And why not bankrupt them?

Tim Worstall has an article on the Adam Smith Institute website about yet another example of the waste of public money and asking if it is possible to surcharge a Cabinet Minister for the losses to the taxpayer caused by that Minister’s own gargantuan stupidity.

While holding Ministers personally liable sounds a good idea, I would far sooner see them barred from holding any form of office – or even being a Member of Parliament – for a fixed term of say ten years, something that might also concentrate minds.

Of course there is a method by which we could save these idiots from being both personally liable and being barred from holding office – the adoption of The Harrogate Agenda and Referism, whereby the expenditure of all public money, whether national or local, has first to be agreed, through the presentation of an annual estimate, by the people.


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3 Responses

  1. Antisthenes says:

    Most of the functions that government carries out will in most cases be inefficient and wasteful. That is a most compelling reason for the size and functions of the state to be very restricted. Apart from which when government and the people are not one and the same then the opportunity for mismanagement, corruption and abuse of power increases in proportion to the gap between those who govern and those who are governed. Today we have a situation where the gap is very wide indeed and daily widening. That has come about because the people have been conditioned to become culturally socialist if not economically so. Due to which the people pay lip service to democracy while at the same time encourage statist authoritarianism. I have said before and I reiterate that the road to true democracy and indeed implementing any of the Harrogate agenda is barred by the existence of politicians and political parties as while they exist government and the people cannot be one body. Calling for refer-ism etc., does not do the intended job it may help a little but it does not overcome the formidable obstacle of politicians being between the people and government. I do not wish for a bloody revolution or anything of that kind what I seek is to push politicians out of the legislature and government and let them take up their true position that of what they are just another bunch of vested interests.

  2. Jim says:

    On the “public” debt, there is only really one fair course of action to be taken by the government. That is simple all out default. This may sound a little shocking and even criminal to some people until its clearly explained.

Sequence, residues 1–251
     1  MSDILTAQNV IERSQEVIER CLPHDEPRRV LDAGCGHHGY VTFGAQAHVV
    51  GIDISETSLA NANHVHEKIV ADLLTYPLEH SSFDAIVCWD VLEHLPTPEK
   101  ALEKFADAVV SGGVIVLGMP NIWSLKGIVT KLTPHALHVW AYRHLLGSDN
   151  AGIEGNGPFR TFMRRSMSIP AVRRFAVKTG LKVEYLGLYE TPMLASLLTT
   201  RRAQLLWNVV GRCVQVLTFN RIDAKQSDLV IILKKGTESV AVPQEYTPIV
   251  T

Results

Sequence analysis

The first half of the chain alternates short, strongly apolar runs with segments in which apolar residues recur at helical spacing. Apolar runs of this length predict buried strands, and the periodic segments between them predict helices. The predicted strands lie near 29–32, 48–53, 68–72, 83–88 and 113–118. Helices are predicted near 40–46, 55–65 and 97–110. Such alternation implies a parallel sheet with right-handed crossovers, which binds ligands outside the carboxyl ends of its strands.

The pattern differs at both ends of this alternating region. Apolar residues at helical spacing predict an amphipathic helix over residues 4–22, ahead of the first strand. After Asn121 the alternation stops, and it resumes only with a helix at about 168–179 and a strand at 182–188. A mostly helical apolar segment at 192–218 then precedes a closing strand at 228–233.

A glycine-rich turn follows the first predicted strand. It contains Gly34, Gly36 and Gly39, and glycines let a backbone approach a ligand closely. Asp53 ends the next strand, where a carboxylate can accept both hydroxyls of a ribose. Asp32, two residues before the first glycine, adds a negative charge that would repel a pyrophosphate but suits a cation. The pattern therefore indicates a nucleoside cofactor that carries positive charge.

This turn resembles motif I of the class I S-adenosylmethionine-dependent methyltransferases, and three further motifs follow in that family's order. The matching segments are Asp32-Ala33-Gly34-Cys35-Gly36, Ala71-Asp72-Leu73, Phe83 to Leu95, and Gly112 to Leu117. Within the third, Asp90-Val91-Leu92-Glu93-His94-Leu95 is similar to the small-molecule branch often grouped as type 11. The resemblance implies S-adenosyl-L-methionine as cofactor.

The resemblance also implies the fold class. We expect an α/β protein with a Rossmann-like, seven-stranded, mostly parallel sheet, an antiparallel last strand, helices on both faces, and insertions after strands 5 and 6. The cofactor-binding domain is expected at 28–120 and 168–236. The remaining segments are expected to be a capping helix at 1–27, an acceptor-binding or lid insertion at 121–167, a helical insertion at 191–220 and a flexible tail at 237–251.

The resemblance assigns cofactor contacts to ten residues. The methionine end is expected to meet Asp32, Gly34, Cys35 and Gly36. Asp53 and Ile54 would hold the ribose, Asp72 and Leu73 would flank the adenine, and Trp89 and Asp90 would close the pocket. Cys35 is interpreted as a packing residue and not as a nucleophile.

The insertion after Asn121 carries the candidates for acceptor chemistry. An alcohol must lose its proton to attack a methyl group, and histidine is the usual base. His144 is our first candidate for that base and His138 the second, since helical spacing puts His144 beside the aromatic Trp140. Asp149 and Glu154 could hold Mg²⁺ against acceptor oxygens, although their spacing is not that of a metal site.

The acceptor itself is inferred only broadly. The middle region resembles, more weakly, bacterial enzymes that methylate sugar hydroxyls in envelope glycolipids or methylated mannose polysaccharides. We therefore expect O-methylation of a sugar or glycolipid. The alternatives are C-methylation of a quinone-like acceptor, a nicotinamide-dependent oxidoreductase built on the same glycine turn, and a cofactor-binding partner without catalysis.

First lets see what debt is. A creditor (say Mr Smith) lends a debtor (say me) some money for somethng (say £1000) we agree that next year i will pay back Mr Smith £1,100. Great, a 10% loan, nothing wrong there, Each of us benefit, and the loan was made between Mr Smith and I, in the knowledge i will pay the amount + the interest using my own resources, I pledge this on my honour and Mr Smith takes some risk.

    It would be totally injust for me to approach the people in the 11 houses down the road from mine and force them to pay (steal) £100 from each of them, in order they pay their “fair share” of my debt. Those 11 people did not ask for the loan, did not take the loan, did not spend the loan, so have absolutly no moral duty to repay the loan.

    The same applies with government debt, a government does not borrow with the intention to pay back its own debt, or on its own honour, but rather the honor of and from the wallet/purse of the tax payer. Both government and Creditor are aware of this at the time the loan is made and its nothing short of theft. The taxpayer did not ask for the loan, did not take the loan, did not spend the loan (or even have a say in how its spent), so the taxpayer has no moral obligation to pay off the loan.

    Default may sound bad, but its better and fairer to default on those creditors who took the risk, than it is to tax and inflate away wealth from the tax payers who had no choise.

  3. APL says:

    An interesting thing might be:

    1. Who got the £70,000 offer price for derelict property in the first instance.
    2. Who on the preferred list will get the properties for a £1
    3. How many instances where 1 & 2 are the same person.

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